An arguably unconventional blogger.

I really do try, you know. I try to do things by the book - reviews, reads, recommendations, unknown locations, did you know?s, secret snippets, buzzy lists - but it doesn’t always hit right, nor stick. I’d say my most conventional blogging has happened under the bluest moons and even the most basic content has been rather niche; Amsterdam’s best vegan spots, charity shop book-buying habits, fun facts that are becoming more and more off the wall now I’m 50 posts in and grasping for ideas… 

Photo by Erin Veness.

I’ve never been a typical blogger. Since I built this funny little safe haven for myself in the endless ether of the internet, I’ve been creative, honest and chaotic. It’s been my playground, and my therapy. I’ve thrown my heart out with wild abandon and hastily hauled it back in again; I’ve pulled people up and pissed them off, made connections, created narratives and set them straight, released and retrieved my deepest darkest thoughts and feelings. I started when I was 15, and now I’m 30. I’m wrung out, but still going. Can’t quite stop just yet. As I said in a previous post, my relationship with writing has been strained and splintered in recent years but I’ve clung on. I think that’s why I struggle so much to write quippy topical content on this platform, my happy little creative space where I’ve honed my strange craft, hollowed myself out and ripped my sleeves every which way. Normal is outside my comfort zone here.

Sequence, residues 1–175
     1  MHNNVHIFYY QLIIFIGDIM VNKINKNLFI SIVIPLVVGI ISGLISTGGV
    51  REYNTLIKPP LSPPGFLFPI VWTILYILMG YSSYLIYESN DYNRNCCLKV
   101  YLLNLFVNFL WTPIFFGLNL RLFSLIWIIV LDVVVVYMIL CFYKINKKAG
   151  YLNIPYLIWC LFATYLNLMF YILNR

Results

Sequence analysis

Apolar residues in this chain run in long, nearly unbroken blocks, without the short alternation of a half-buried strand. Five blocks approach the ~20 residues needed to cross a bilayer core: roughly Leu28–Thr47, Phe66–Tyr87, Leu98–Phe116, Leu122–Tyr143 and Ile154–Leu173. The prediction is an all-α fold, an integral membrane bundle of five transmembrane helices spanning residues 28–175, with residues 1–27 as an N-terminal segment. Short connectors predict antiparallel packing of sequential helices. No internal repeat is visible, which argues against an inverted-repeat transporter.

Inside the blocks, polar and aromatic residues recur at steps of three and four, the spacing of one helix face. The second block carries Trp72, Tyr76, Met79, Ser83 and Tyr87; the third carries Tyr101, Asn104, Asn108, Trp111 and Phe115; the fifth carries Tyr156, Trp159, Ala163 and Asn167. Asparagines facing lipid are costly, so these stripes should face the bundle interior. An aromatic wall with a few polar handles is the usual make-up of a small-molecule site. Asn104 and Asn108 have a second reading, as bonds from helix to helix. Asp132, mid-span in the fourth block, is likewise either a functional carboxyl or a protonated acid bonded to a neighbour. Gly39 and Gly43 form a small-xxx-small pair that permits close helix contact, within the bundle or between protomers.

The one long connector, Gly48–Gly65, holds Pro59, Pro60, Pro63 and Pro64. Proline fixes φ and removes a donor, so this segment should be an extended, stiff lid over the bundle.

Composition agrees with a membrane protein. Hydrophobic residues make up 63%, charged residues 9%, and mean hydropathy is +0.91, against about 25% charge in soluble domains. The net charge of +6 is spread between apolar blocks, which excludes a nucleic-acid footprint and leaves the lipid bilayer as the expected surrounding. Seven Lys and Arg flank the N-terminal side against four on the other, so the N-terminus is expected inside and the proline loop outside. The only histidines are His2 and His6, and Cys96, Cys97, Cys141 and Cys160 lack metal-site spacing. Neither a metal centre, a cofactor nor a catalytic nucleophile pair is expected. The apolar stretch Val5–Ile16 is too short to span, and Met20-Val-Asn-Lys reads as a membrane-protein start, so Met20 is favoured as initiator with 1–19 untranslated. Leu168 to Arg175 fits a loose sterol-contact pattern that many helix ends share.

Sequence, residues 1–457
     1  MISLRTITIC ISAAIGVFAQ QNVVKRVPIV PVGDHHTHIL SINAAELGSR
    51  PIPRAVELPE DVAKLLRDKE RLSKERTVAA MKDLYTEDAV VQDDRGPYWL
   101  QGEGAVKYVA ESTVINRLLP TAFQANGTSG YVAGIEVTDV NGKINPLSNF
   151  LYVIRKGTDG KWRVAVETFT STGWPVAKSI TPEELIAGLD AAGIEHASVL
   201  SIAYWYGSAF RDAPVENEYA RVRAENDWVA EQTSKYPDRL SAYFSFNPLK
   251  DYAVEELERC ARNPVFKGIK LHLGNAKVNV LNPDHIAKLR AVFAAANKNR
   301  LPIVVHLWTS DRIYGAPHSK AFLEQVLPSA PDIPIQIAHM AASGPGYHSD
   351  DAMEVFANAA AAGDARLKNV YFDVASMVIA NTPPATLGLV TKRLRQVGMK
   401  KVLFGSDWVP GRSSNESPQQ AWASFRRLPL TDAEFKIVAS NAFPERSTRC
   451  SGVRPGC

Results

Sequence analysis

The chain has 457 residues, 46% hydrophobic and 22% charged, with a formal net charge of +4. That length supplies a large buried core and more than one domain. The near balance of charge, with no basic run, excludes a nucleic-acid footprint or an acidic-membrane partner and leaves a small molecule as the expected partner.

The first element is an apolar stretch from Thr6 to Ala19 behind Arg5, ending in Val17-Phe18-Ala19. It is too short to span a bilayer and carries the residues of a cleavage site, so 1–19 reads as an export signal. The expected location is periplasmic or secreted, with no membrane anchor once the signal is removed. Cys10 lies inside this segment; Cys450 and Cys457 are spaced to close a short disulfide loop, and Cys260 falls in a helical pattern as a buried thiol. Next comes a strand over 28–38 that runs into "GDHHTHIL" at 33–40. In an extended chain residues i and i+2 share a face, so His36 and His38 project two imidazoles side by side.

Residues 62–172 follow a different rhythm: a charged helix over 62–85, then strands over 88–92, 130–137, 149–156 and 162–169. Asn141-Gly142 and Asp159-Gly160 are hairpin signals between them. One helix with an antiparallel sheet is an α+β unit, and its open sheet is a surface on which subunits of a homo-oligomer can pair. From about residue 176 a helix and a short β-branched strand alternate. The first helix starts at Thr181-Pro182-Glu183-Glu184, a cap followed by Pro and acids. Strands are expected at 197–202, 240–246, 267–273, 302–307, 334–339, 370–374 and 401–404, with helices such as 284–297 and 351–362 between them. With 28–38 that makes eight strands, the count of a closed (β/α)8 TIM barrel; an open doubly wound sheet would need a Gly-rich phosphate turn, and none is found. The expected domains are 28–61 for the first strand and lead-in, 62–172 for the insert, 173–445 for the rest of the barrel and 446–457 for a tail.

You may have heard, I’m writing a book. I’ve written stories since I was very young; in pristine little notebooks and the back pages of Pukka Pads, on scrunched up scraps and the library computers at lunchtime. It always felt normal to me, like the thing I was meant to be doing, and I remember being baffled when I found out that not many of my peers spent their spare time the same way. To this day I’m still surprised when folks I know - socially or through work - express a disinterest in or even hatred for writing. Saying I’m writing a book is often met with sounds of excitement and wonder; it makes me happy and dizzy saying it out loud because that means it’s real, but also like a complete impostor, a silly dreaming fool. When will that feeling finally ebb away? Maybe when it’s finished, and in someone else’s hands. Let’s see. 

Photo by Erin Veness.

I’m writing from my new desk setup, right now. Pro tip for my fellow writers/Sims 4 obsessives - move in with a handsome nerd who finds obscene joy in building computers. My monitor looms large and I love seeing my clusters of windows - all my different Google profiles/personalities - scattered across it. In my last few homes I’ve told myself ‘this is it, this is the space where I’ll write the book, send the exciting emails and get the good news’, but it’s never quite happened. I think I just needed the perfect setup. A big screen, snazzy sound bar, bluetooth keyboards and mouses (mice?) - cohabiting with cute little cactuses I grew myself, a glowing salt lamp, a silly Billy bookcase and cork boards covered with post-its and polaroids. A tabby on the windowsill peering through the shutters, spying on the neighbours. Yes, this is where it will be.


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